Our Bid Protest Regulations contain strict rules for the timely submission of protests.  These rules reflect the dual requirements of giving parties a fair opportunity to present their cases and resolving protests expeditiously without unduly disrupting or delaying the procurement process.  Verizon Wireless, B-406854, B-406854.2, Sept. 17, 2012, 2012 CPD ¶ 260 at 4.  Under these rules, a protest based on other than alleged improprieties in a solicitation must generally be filed no later than 10 calendar days after the protester knew, or should have known, of the basis for protest, whichever is earlier.  4 C.F.R. § 21.2(a)(2).  However, in situations where a debriefing is requested, and when requested, required, our Bid Protest Regulations provide that protest grounds known either before or as a result of a debriefing may be filed not later than 10 days after the date on which the debriefing is held.  4 C.F.R. § 21.2(a)(2).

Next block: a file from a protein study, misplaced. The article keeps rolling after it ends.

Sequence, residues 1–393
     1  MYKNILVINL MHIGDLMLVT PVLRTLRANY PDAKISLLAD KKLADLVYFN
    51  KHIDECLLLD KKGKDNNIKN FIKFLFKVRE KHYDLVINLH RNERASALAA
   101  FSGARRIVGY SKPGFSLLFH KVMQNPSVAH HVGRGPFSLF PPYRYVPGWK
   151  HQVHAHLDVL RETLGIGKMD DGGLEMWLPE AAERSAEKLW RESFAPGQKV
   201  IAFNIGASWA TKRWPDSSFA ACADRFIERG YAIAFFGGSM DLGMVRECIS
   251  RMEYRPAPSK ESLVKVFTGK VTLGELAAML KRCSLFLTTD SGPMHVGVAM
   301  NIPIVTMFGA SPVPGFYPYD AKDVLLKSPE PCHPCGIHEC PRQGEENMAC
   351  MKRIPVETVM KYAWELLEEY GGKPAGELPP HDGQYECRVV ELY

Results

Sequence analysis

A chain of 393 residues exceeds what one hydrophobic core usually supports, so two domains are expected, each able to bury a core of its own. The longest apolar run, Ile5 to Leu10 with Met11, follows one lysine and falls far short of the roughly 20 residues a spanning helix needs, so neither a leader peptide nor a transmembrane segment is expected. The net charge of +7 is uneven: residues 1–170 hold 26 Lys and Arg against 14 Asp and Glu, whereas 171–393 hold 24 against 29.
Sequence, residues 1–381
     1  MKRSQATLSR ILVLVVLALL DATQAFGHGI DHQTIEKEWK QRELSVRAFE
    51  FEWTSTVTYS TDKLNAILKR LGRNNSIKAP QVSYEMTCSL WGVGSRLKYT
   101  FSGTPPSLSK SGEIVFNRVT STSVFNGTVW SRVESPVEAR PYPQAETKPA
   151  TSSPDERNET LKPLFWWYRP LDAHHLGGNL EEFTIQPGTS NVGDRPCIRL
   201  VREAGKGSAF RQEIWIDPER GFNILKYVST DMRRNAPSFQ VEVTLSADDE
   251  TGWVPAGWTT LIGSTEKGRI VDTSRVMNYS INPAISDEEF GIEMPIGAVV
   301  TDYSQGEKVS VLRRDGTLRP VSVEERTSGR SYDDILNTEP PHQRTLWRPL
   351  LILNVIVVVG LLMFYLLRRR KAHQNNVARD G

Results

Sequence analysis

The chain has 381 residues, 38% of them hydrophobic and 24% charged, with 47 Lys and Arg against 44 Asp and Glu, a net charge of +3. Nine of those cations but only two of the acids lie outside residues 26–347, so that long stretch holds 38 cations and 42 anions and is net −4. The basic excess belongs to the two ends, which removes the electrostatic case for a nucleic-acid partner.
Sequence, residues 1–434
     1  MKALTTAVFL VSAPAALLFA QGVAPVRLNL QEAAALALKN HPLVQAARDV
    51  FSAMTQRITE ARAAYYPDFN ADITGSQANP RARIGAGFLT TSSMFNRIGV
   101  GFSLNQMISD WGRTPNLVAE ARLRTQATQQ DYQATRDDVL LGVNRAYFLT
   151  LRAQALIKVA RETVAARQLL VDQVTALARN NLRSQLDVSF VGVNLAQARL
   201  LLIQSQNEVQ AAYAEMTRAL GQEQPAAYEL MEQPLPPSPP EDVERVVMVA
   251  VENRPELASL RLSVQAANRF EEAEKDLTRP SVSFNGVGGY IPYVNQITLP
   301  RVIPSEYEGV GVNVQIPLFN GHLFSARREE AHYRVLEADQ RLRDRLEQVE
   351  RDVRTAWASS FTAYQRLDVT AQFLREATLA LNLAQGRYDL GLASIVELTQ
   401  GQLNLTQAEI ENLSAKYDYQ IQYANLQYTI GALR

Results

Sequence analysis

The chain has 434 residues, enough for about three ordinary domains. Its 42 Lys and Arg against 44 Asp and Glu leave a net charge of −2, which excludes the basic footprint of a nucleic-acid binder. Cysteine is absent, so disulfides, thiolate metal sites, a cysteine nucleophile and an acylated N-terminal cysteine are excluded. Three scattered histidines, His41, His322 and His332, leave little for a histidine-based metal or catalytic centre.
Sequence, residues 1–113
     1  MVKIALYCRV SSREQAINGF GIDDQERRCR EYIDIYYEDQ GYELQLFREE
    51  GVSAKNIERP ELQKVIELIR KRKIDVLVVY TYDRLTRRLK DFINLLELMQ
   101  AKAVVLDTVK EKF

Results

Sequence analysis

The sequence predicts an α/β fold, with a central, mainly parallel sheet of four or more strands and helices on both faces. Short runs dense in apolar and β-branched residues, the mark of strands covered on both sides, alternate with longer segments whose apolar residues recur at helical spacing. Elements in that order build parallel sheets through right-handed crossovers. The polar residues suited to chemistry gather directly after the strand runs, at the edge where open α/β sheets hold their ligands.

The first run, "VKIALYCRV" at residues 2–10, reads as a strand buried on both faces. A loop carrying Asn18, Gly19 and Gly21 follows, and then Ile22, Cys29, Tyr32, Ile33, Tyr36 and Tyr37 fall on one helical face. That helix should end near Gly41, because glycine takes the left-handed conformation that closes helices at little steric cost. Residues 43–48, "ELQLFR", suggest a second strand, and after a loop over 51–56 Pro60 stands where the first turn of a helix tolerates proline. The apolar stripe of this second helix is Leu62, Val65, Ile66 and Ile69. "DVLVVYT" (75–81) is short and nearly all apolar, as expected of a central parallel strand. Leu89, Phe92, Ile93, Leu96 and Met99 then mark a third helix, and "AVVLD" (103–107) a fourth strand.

Here, the required debriefing exception to the 10-day rule does not apply because the protester's requested debriefing was not a required debriefing.  In a negotiated procurement, such as the procurement at issue, where an offeror is excluded from the competition prior to award, a debriefing is only required if submitted, in writing, to the contracting officer within three days after receipt of notice of exclusion from the competition.  See Empire Veteran Group, B-408866.2, B-408866.3, Dec. 17, 2013, 2013 CPD ¶ 294 at 4, citing Federal Acquisition Regulation (FAR) § 15.505(a)(1); VMD Systems Integrators, Inc., B-412729, Mar. 14, 2016, 2016 CPD  ¶ 88 at 3 n.2; see also 41 U.S.C. § 3705 and FAR § 15.505(a)(3).  The record reflects that the protester was excluded from the competition, at the latest, on July 21, when GSA notified TJL that its proposal did not meet the requirements of the solicitation and that the agency could not move forward with an award to TJL.[3]  E-mail from GSA to TJL, July 21, 2017.  The protester did not request a debriefing until August 10, one day after it received notice of award to another offeror, but nearly 20 days after learning of its exclusion from the competition.  Since the protester did not submit a timely request for a pre-award debriefing, no debriefing was required, and the timeliness of the protest is measured from the date TJL first knew or should have known its protest grounds.